Sight Savers was about two miles from where we lived in Nairobi. One could walk down hill for about an hour along the stretch of Mbagathi Way, or walk to Kenyatta Market and take a matatu. When I sauntered into this organization and asked for a job from out of the blues, I had zero expectations because I was there on a totally different mission; to enquire on what kind of services they offered to the blind.
There was a lady at the reception desk. She was not the receptionist, but one of the Project Managers at the organization. She said, come tomorrow. And so the next day I started work at Sight Savers’ Resource Center where I helped organize their research material. That job never existed; the lady pulled it out of her behind just like that. To my delight and gratitude, it was temporary, only a month. I would make some good money and move on to my hustle as a budding playwright and director.
I chose to get to work by walking the two-mile distance every morning and back home. I did not want to have to push and shove with the masses that jammed up the busses and matatus. I thoroughly detested that part of public transportation where you became nothing but one of hundreds of potatoes in a sack, couldn’t breathe, couldn’t move. You boarded with clean shoes and alighted with mud all over your feet on a rainy day. No, thanks, I’d rather walk.
I was psychologically ill-prepared for my walking-to-work experience. I should have been warned, prayed for and counseled. Up until that first day of my walk from Golf Course Estate to Sight Savers, I had never really known what the work “masses” meant. They started flowing out of the cracks and corners of Kibera like an invasion of human cicadas that carpeted the entire ground.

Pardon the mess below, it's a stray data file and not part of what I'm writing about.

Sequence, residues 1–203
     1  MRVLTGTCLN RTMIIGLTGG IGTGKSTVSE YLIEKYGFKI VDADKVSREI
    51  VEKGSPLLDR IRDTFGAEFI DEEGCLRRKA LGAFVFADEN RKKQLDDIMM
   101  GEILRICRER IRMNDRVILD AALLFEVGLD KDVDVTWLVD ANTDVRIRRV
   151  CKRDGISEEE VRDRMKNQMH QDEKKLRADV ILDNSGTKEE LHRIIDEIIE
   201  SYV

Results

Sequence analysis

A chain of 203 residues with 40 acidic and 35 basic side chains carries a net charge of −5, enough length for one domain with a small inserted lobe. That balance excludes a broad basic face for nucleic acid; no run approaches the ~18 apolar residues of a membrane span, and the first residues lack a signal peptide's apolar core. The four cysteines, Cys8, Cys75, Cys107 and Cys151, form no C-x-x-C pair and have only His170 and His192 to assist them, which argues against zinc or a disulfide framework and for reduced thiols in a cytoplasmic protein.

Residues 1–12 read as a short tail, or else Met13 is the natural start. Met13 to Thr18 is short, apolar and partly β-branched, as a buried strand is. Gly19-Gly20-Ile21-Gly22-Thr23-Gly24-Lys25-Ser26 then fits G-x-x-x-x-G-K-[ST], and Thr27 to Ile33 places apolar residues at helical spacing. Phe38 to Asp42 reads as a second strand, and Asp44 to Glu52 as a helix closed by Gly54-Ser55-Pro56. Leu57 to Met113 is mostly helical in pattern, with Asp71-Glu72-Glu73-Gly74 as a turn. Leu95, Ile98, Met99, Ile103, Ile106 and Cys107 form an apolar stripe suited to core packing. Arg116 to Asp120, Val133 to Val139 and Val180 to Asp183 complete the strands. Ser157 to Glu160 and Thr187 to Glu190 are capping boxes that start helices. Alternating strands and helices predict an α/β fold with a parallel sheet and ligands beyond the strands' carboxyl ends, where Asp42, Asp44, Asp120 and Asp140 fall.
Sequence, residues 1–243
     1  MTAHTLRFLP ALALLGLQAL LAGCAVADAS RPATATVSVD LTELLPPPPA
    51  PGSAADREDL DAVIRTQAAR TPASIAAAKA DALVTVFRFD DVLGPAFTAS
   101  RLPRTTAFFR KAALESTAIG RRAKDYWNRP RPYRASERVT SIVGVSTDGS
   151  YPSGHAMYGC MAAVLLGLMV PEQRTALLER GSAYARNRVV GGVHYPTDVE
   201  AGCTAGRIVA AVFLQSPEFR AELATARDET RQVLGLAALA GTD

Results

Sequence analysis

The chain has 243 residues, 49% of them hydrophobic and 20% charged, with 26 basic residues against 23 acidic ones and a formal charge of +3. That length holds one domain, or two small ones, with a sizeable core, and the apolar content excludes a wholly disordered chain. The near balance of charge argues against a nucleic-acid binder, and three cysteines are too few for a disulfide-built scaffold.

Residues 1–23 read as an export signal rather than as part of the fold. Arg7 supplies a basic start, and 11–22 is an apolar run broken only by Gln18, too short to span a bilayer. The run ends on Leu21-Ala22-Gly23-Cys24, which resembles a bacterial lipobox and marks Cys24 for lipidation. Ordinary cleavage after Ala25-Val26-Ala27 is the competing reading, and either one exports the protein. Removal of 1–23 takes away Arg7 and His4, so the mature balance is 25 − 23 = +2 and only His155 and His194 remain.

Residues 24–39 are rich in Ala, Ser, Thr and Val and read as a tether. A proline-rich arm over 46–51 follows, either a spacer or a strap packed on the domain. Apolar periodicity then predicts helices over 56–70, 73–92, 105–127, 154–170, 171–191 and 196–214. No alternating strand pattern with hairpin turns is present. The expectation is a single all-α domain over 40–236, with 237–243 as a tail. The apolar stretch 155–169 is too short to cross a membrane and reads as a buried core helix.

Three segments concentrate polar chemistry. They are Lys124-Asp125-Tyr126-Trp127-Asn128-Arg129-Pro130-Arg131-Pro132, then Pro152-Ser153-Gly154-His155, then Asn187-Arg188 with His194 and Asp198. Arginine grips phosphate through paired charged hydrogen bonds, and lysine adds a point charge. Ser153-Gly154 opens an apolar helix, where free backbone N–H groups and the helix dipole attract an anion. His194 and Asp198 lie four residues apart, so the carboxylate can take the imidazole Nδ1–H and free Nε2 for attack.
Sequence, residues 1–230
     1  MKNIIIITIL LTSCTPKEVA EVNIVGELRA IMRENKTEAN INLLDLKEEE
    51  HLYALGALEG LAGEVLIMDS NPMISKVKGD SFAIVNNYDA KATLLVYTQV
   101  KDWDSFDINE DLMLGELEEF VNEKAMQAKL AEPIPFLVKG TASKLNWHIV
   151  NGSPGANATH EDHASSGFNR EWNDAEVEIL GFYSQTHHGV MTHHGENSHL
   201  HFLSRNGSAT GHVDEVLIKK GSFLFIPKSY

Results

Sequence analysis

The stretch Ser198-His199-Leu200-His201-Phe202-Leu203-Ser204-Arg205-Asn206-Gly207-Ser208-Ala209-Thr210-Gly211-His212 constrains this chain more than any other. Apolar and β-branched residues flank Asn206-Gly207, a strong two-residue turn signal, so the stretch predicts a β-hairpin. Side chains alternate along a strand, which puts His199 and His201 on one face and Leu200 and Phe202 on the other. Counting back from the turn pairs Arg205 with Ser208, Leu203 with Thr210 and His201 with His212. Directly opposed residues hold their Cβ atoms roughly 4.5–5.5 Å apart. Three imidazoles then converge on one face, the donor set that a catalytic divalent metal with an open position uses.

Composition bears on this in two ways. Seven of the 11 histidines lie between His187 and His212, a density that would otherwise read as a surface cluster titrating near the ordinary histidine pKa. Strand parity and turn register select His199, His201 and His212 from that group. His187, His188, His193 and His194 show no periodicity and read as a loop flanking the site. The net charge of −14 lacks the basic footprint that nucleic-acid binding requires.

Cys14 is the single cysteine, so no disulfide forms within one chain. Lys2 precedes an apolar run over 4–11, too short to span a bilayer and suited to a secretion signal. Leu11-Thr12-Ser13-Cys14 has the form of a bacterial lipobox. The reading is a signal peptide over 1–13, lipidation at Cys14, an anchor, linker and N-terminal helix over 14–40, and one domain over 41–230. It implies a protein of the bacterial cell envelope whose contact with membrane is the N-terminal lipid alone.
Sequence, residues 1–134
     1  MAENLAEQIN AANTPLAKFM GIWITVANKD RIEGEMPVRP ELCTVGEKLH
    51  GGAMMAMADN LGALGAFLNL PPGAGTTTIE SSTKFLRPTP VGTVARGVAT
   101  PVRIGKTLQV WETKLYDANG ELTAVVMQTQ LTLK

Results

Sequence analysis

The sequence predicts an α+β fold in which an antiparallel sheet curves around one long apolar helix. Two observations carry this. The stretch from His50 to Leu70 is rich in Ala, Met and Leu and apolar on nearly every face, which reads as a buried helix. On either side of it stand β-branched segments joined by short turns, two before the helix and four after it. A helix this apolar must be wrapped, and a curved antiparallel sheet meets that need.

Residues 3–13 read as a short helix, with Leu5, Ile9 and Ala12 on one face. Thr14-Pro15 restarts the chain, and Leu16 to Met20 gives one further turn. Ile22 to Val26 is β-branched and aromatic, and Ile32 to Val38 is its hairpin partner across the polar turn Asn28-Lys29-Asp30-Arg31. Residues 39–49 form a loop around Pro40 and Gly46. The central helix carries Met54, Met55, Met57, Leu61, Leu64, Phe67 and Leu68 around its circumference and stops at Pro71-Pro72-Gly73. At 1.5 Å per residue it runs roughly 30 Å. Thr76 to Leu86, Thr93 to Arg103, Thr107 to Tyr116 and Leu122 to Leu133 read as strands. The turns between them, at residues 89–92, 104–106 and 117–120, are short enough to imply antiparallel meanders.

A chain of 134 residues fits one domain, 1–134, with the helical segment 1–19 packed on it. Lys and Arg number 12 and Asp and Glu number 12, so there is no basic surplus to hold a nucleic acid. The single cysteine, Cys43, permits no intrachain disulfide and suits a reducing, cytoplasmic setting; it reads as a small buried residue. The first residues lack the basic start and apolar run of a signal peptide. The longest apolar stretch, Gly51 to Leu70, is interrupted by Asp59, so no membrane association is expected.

They marched silently, with every step they increased in the hundreds, nay thousands, not a good-morning, not a smile, not a grunt; just a steady march of chiseled chins, battered boots and fractured spines tired of holding up the weight of shattered dignities. I was shaken to the core. I lived in Nairobi and never knew this side of life existed.
As I was slowly engulfed by this sea of broken humanity heading towards their daily labors at Industrial area, jua kali sheds, road-side kiosks, hawkers’ alleys and hustlers’ dens, I started to suffocate. The air was dunk with unsurrendered sweats and decayed dreams. I was trapped, without any place to go except move with the masses, march with the mules; move with masses, march with the mules; move with the masses, march with mules…
I found myself trying to catch the faces, perchance to see a wrinkle of hope, a resolve to survive, and when I did, my heart raced ahead of the march with shear excitement. I recall getting home in the evening and writing the poem, “Faces.” I so badly wanted to etch for eternity, somewhere in poetry, the humanity therein, the drop of dignity that still clung to a beaten brow, the snap of a defiant spine that would one day march to a beat all its own. I will tell their story; I will tell the world.
Now this old memory from a far-away land comes rushing at me like a river broken at its banks. Today, a man who was laying cable in the heat of Washington, DC's summertime said to me, “I’m a mule. I work long hours, six days a week, for minimum wage. On the day I get to rest, I feel lost, like a slave looking for his master. That is a sick mind.” I caught a stone in my throat. I have no problem finding him. He streams out of American homes every morning in the thousands, nay, millions. A march of mules.